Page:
“It connects extra virgin olive oil production and farming development with touristic opportunities,” she added. “The Latium regional authorities have taken notice and we hope the whole thing will reach a growing number of olive oil producers and other stakeholders over time.”
The cammino will include important historical locations, such as the abbeys of Fossanova, Trisulti, Montecassino and Casamari, and will involve food producers, farmhouses, restaurants and artisans.
The first Olio dei Papi-branded extra virgin olive oil is now being produced and marketed by the joint venture among a local cooperative with more than 5,000 small olive oil producers and a local mill.
Olio dei Papi production protocol defines the territory considered part of the initiative and the olive varieties that contribute to its production.
While some of the involved varieties are widely distributed in Italy such as Frantoio, Moraiolo, Leccino and Itrana, others are considered native, such as Carboncella, celebrated for its high content of polyphenols. The native varieties constitute at least 30 percent of the Olio dei Papi.
“Our initiative is based on three main pillars,” Domenico Sperlonga, a miller and co-director of the Olio dei Papi project, told Olive Oil Times. “The first one is the product chain agreement with the cooperative, which ensures the origin of the olives and the approach to harvest the olives that we have to transform.”
“The second is a very strict high-quality-oriented production protocol, and the third is the ethical pillar,” he added. “Within the product chain, the producers have established a minimum price reserved for their olives. The goal is to reward more those who aim at sustainability and better quality, which already happened under the State of the Church rule.”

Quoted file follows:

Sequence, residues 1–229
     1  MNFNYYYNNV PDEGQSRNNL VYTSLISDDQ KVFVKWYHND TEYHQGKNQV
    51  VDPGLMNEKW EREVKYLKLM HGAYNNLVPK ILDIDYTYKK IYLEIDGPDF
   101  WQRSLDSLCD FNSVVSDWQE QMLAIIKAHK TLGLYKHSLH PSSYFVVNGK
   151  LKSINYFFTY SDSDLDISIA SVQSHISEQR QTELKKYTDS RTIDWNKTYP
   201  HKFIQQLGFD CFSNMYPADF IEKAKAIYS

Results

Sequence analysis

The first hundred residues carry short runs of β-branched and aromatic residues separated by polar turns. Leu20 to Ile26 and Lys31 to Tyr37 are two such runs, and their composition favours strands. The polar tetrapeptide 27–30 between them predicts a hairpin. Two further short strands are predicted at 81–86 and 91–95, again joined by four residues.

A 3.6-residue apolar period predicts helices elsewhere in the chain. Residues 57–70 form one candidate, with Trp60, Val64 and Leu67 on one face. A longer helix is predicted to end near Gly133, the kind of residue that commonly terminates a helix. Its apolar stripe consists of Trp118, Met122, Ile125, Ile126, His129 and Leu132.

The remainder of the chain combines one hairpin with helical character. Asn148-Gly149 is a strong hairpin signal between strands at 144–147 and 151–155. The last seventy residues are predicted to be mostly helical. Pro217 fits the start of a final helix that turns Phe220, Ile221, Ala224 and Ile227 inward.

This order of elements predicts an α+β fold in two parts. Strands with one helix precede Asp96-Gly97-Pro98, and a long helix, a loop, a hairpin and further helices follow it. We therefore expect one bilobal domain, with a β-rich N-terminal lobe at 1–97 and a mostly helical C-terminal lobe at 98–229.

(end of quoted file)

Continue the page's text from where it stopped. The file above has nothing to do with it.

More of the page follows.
According to its promoters, the Olio dei Papi initiative is destined to benefit the region and restart olive production, even in those areas where such activity has slowed over time.
“That is also why in the project we have added the goal of recovering abandoned olive groves,” Sperlonga said. “We hope Olio dei Papi will boost olive oil production in our area and the whole Latium region.”
In the project’s first phase, the regions being considered are in southern Lazio and northern Campania.
However, the Papal States stretched well beyond these areas, and Sperlonga hopes the project will benefit more producers in other regions. “That is also why we are organizing seminars and workshops, to let people know more about this project and its implications,” he said.
One of the key portions of the project is the development of a blockchain process to guarantee the origin of the product on the national and international market.
“We are working on that. In the meantime, we already have a form of total traceability,” Sperlonga said. “Customers can use the number found on our labels to check directly from our website where their bottle comes from.”
“The system is so precise that they can not only know the complete data about the producers of that specific olives but, thanks to Google Earth, they can even spot the exact grove,” he added.
According to Sperlonga the historical research and the increase in activities that come from the initiative might finally bring due recognition to the quality of local extra virgin olive oil.
“Producers here have been making world-class extra virgin olive oil for generations, but they never found a good way to connect their product to their story and to narrate their traditions,” he concluded. “Thanks to such unique historic background, all of this is destined to change.”